1. Category 1 includes a relatively stable annual amount that funds one or more long-term monitoring projects.

  2. Category 2 includes funding for Integrated Ecosystem Research Projects conducted in the identified geographic focus research areas.

  3. Category 3 includes support for small-scale, short-term process studies and/or specific research projects on individual questions of interest.

An important question is how funds will be allocated among these three categories. The committee understands that the NPRB needs flexibility to set its own direction and meet changing needs, so we do not recommend set percentages. However, the committee does believe that category three – which is where most studies funded during the first three years of NPRB operation fall – is likely to be reduced over time as the IERPs develop and the Science Plan begins to have greater effect in setting research directions. Indeed, proportionately more funding will shift to category 2 projects, so that NPRB becomes an integrated approach to address interdisciplinary issues in a particular large marine ecosystem, from basic research on the regional environment, through ecosystem dynamics, to guidance relevant to overall ecosystem management and fisheries management in particular. Given the limited resources, the committee recommends that high priority be given to the development and use of biophysical/ecosystem models of increasing complexity to focus research efforts and to synthesize observations from long term monitoring projects and from other historical data when it is developed. One of the ultimate goals of an Integrated Ecosystem Research Project should be the prediction of future ecosystem states in response to natural variability and human activities. Another important goal would be the determination of the limits of ecosystem predictability, which would be useful to resource managers and decision makers. This approach will allow comprehensive understanding of the ecosystem as a whole and its response to natural and human-induced changes, which can then be used to improve management.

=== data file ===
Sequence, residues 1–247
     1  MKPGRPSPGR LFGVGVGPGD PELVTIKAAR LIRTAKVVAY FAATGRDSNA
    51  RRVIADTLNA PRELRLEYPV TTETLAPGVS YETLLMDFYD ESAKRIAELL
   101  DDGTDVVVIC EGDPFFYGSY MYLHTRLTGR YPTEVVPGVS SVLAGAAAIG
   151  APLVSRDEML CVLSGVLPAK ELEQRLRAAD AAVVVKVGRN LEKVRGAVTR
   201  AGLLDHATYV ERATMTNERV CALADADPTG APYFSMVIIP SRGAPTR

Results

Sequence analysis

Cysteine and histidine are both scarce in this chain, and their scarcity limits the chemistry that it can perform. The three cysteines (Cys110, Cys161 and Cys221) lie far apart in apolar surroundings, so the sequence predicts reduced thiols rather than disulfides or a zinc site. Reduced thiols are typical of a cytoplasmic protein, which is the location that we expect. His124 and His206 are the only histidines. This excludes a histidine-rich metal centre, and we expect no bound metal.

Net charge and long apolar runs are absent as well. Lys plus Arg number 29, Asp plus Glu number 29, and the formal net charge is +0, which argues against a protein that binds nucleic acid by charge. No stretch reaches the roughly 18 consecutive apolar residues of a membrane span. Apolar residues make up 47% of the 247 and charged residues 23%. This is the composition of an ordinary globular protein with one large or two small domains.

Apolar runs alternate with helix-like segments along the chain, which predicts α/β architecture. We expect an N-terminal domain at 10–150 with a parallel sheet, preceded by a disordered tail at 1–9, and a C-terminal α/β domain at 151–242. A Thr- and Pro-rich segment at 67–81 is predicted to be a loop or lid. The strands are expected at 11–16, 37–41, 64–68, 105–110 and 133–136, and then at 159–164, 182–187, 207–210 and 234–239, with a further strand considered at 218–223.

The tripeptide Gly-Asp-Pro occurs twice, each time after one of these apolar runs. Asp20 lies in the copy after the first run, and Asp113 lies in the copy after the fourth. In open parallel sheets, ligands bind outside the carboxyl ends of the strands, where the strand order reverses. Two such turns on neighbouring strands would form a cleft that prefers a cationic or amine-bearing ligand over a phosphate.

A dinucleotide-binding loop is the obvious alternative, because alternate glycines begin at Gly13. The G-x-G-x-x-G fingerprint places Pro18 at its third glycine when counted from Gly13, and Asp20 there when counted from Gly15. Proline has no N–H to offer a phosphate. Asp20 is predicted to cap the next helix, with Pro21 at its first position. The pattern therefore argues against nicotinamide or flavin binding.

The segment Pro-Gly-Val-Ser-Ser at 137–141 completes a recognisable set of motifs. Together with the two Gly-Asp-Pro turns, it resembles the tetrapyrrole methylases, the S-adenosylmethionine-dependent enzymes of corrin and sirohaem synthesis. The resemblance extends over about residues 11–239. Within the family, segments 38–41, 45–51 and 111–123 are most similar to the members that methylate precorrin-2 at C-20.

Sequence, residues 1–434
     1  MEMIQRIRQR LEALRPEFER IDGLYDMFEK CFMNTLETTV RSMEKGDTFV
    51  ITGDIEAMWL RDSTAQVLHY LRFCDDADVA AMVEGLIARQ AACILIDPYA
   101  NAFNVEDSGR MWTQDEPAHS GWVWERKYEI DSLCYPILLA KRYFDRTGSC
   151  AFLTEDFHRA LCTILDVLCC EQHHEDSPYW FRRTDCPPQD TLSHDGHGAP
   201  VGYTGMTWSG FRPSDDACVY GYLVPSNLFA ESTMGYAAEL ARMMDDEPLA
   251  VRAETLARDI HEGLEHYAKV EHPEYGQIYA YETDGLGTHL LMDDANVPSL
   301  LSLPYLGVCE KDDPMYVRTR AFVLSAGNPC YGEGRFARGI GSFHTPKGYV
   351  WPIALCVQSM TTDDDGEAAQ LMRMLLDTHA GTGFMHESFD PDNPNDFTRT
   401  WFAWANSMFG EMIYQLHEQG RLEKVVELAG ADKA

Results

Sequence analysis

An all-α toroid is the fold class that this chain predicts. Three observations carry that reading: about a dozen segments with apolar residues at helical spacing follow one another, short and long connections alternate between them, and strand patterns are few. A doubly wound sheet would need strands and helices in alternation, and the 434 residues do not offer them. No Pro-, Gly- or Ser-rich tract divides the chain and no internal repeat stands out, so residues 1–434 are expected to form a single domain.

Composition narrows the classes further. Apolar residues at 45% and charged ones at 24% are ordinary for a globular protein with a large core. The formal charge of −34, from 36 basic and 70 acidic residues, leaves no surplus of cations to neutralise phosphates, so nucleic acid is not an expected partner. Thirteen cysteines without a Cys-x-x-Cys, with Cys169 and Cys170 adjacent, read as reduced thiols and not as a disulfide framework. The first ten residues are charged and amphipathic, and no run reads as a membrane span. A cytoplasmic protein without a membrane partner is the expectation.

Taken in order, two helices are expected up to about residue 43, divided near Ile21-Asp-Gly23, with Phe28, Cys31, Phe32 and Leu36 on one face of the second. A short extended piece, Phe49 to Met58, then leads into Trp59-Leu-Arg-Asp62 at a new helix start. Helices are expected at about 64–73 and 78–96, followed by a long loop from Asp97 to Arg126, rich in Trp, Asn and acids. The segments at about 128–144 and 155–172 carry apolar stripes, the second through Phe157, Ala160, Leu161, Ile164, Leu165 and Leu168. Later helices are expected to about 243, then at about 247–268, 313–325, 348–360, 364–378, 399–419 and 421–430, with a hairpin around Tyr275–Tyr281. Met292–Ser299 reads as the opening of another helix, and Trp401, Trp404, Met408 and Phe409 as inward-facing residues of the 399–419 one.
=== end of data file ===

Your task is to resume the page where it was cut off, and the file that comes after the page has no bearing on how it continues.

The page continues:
The committee suggests that the NPRB verify the information regarding walleye pollock on page 94, line 33 of the draft because the committee believes the statement is incorrect (see Shuntov et al. 1993; Bakkala et al. 1986; Wolotira et al. 1977). The committee commends the NPRB’s intent to use retrospective data to extend time lines backward, and suggest that data in other languages may be useful to the NPRB’s goals. The Committee was satisfied with the section relating to economic and social research (Human Dimensions, Section 3.7) and feels that these studies have been appropriately weighted.


  • Reorganize Chapter 3 within the following outline:

    3.1 Introduction

    3.2 Integrated Ecosystem Research Programs

    3.3 Long Term Monitoring Programs

    3.4 Short-term Process Studies

    3.5 Research Tools

    3.5.1 Modeling

    3.5.2 Short-term Process Studies

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